The general public seemed quite upset, especially with NDP leader Jack Layton.  Intense pressure from supporters resulted in Layton backing down.  Once that happened, Harper immediately changed his tune and removed his opposition to May’s inclusion as well.  This will mark the first time the Green Party is included in the televised debate, and is a major shift in the Canadian Political landscape.  The big “fear” from the Conservatives and the NDP is simply that her and Dion will team up and represent some of the same platform points.  It’s a bit unfounded, because the NDP also shares many of the same platform points as both the Liberals and the Greens, and yet no one is worried about t heir inclusion.


In other news, Sarah Palin continues both to impress and anger at the same time.  She is also a pretty strong public speaker, but her speeches so far have been laced with more than a few examples of inflamatory rhetoric, and also more than one lie.

The big one?  Her purported opposition to the “Bridge to Nowhere”.  She claims she said “thanks but no thanks” to Congress when they offered her $200 million dollars for this bridge.  However, local politicians from both major parties have come out against this.  The truth of the matter is that she was a major supporter and lobbier on behalf of this earmark, and once the money was received and the political winds changed, she changed her mind and said “no”.  But then she kept the money. That’s right.  This Yahoo! News article has much more information on some of the fiscal scandals plaguing her.  The other big issue is her opposition to a Federal oil profits Windfall tax (which Obama supports), while in her state she has done just this.  Alaska has had a major oil tax, but Palin rejigged the whole thing to make the state receive more of the income.

There is also a growing fear of Palin’s theocratic tendencies.  While faith in politics has been a major factor in American politics for the last two elections, here it becomes even more curious.  Over and above the accusations of Obama being a secret muslim, there are more serious accusations about Palin.  Juan Cole of Salon.com has written a scathing article.  Here’s a short piece: “But the values of his handpicked running mate, Sarah Palin, more resemble those of Muslim fundamentalists than they do those of the Founding Fathers. On censorship, the teaching of creationism in schools, reproductive rights, attributing government policy to God’s will and climate change, Palin agrees with Hamas and Saudi Arabia rather than supporting tolerance and democratic precepts. What is the difference between Palin and a Muslim fundamentalist? Lipstick.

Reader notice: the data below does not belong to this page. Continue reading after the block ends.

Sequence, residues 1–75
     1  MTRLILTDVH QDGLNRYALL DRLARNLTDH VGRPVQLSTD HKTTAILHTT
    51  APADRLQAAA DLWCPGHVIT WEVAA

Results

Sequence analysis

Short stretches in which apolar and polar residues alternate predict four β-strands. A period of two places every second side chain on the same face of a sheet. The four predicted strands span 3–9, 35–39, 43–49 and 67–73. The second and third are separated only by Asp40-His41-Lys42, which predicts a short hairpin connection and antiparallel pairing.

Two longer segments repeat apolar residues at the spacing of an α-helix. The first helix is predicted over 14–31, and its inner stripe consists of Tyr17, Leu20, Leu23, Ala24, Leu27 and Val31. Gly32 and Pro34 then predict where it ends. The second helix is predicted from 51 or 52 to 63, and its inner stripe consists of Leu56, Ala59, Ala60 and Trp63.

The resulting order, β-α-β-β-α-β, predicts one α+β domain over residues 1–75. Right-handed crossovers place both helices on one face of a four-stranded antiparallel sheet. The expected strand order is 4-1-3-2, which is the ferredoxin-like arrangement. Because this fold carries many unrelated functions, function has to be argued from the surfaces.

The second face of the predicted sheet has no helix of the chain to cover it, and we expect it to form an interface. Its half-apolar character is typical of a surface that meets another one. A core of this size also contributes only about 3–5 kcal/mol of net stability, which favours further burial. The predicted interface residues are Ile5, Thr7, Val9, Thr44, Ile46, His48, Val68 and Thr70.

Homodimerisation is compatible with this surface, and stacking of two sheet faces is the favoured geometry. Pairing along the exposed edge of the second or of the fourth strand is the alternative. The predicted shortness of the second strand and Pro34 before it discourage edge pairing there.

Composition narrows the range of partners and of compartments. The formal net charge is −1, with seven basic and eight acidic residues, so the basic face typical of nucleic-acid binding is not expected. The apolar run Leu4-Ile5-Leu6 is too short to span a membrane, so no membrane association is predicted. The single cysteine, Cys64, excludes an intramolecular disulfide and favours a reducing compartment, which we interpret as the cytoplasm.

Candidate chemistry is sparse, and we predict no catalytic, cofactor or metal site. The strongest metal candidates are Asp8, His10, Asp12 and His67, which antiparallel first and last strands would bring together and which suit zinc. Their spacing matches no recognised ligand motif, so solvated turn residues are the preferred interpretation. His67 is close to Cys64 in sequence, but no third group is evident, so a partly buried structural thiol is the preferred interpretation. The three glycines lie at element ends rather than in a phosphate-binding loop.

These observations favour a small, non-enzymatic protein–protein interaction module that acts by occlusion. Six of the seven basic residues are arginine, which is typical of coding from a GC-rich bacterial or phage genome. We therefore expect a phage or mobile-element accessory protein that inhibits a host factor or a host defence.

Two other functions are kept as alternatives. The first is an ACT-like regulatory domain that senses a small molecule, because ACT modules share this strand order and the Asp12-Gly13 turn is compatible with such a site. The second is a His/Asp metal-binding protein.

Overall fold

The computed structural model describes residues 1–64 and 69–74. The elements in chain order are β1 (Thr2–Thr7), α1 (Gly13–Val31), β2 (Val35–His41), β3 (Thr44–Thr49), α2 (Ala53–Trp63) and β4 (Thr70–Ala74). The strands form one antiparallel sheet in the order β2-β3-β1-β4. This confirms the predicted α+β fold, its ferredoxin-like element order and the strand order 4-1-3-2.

Cole goes on to compare Palin’s positions on abortion with a variety of Islamic countries, and notices that herr position lines up nearly identically with that of Iran.  Cole even notes that Tunisia allows abortion in the first trimester, while Palin vehemently argues it is always an “atrocity”. She’s also let it be known she doesn’t believe that climate change is man-made, which is diametrically opposed to the views espoused by both the Obama campaign and her own running mate, John McCain.

Despite these…questionable attitudes on certain subjects, Palin has been a huge source of strength to the McCain campagin.  As a staunch conservative, she has re-energized an unimpressed Republican base and has been a great source of funding for McCain.  Obama’s campaign has actually begun to fall behind in terms of fundraising in the weeks since she has been announced.

For a more detailed (and sligtly more balanced view) of Palin and some of her policies, check out this Newsweek article.


Overall, two strong women are participating in national politics in North America.  This is less of a “big deal” in Canada, which has already had a (albeitly short-lived) female Prime Minister.  However, this is still something to be proud of.  In both countries, this is likely to be one of the most interesting and engaging political races in modern history.